After Cook’s return to England the British government decided that this land belonged to no one – terra nullius – and therefore was free for them to use without treaty or reparation. It’s suggested that it was Banks, by all accounts both arrogant and influential, who gave them that impression.[4]

We visited the James Cook Museum, occupying a spectacular old nineteenth century Sisters of Mercy Convent building, and looked at the displays telling the stories of this place where such an extraordinary clash of cultures occurred two hundred and fifty years ago. We visited Finch Bay, with its granite boulders like whales and a backpacker standing naked in the creek, braving the crocodiles as she washed her clothes; we watched another sunset over the Endeavour River, and next morning drove away back to Cairns.

Cooktown rock
Granite boulder, Finch Bay

The English knew what it was to have foreigners arrive in ships. Romans, Anglo-Saxons, Vikings, Normans: they were all invaders who took land and goods, killed any who opposed them, and disrupted local culture, language and spirituality. Britain did the same to Ireland; and the Guugu Yimithirr people were to be left in peace for only a few more generations before the same disaster happened to them.

Cooktown sunset
Cooktown sunset

[1] http://southseas.nla.gov.au/journals/cook/17700611.html Cook’s Journal Daily Entries 11 June 1770.

[2] http://southseas.nla.gov.au/journals/cook/17700611.html Cook’s Journal Daily Entries 19 July 1770.

[3] http://southseas.nla.gov.au/journals/cook/17700822.html Cook’s Journal Daily Entries 22 August 1770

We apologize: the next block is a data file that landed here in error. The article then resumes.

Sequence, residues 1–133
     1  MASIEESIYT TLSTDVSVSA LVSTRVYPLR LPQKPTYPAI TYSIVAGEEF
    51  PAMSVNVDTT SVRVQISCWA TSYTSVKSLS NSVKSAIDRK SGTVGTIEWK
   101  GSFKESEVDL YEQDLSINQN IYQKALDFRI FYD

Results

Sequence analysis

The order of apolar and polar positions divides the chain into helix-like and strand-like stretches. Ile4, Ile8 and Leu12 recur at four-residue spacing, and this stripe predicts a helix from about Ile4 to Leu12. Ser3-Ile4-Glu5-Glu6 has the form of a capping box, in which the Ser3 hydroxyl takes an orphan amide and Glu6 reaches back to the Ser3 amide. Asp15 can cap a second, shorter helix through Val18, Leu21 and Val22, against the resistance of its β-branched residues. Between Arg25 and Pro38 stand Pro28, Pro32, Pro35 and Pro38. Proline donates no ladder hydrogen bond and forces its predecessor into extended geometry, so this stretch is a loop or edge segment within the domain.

[4] https://theconversation.com/henry-reynolds-australia-was-founded-on-a-hypocrisy-that-haunts-us-to-this-day-101679

6 thoughts on “Cooktown, 250 Years after Cook

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  1. Thanks, Bud, a well-researched and composed account. It saddens me to read this because it reminds of the extreme disregard that humans can have for other humans of a different culture. Australia has not finished righting this wrong, nor even fully recognizing it, I feel. So many of the native people were killed in the succeeding years, and those that weren’t have been left behind in almost every respect. Many Australians like to say that they share no blame for the events that happened in the past – but we all share the heavy blame for not righting, to the extent possible, the continuing neglect, barriers and mistreatment of the descendents of the original inhabitants of our country.

    On Sun, Jul 5, 2020 at 2:21 PM Queensland Stories wrote:

    > roseobrienwriter posted: “Cooktown is a small town a long way from > anywhere: 328 kilometres north of Cairns, at the end of the bitumen. When > we visit it hasn’t occurred to me that it has a Botanic Gardens; but does, > and it’s a beauty. Old, too. Planting first began there in 1868, ” >

    Like

  2. Thanks, Ian. There are more Indigenous Australians in uni than jail, but there’s no doubt they all have to put up with racist attitudes almost every day of their lives. White Australians should say we’re sorry for what happened in the past – not apology so much as regret and acknowledgement. And many many white Australians should change their ignorant attitudes! Cheers!

    Like

  3. Cooktown is a must visit place and I’m dreading the day that the developers move in and it becomes another Gold Coast. The Botanic Gardens are fascinating and an absolute pleasure. But on a serious note I abhor what happened here, it seems to be a human trait to capture other’s lands. If it hadn’t been the English it probably would have been the French, Dutch or Portuguese. The Dutch unwittingly being the first European settlers when they cast two Batavia crew ashore on the west coast. No doubt in years to come this land will be taken again.

    Liked by 1 person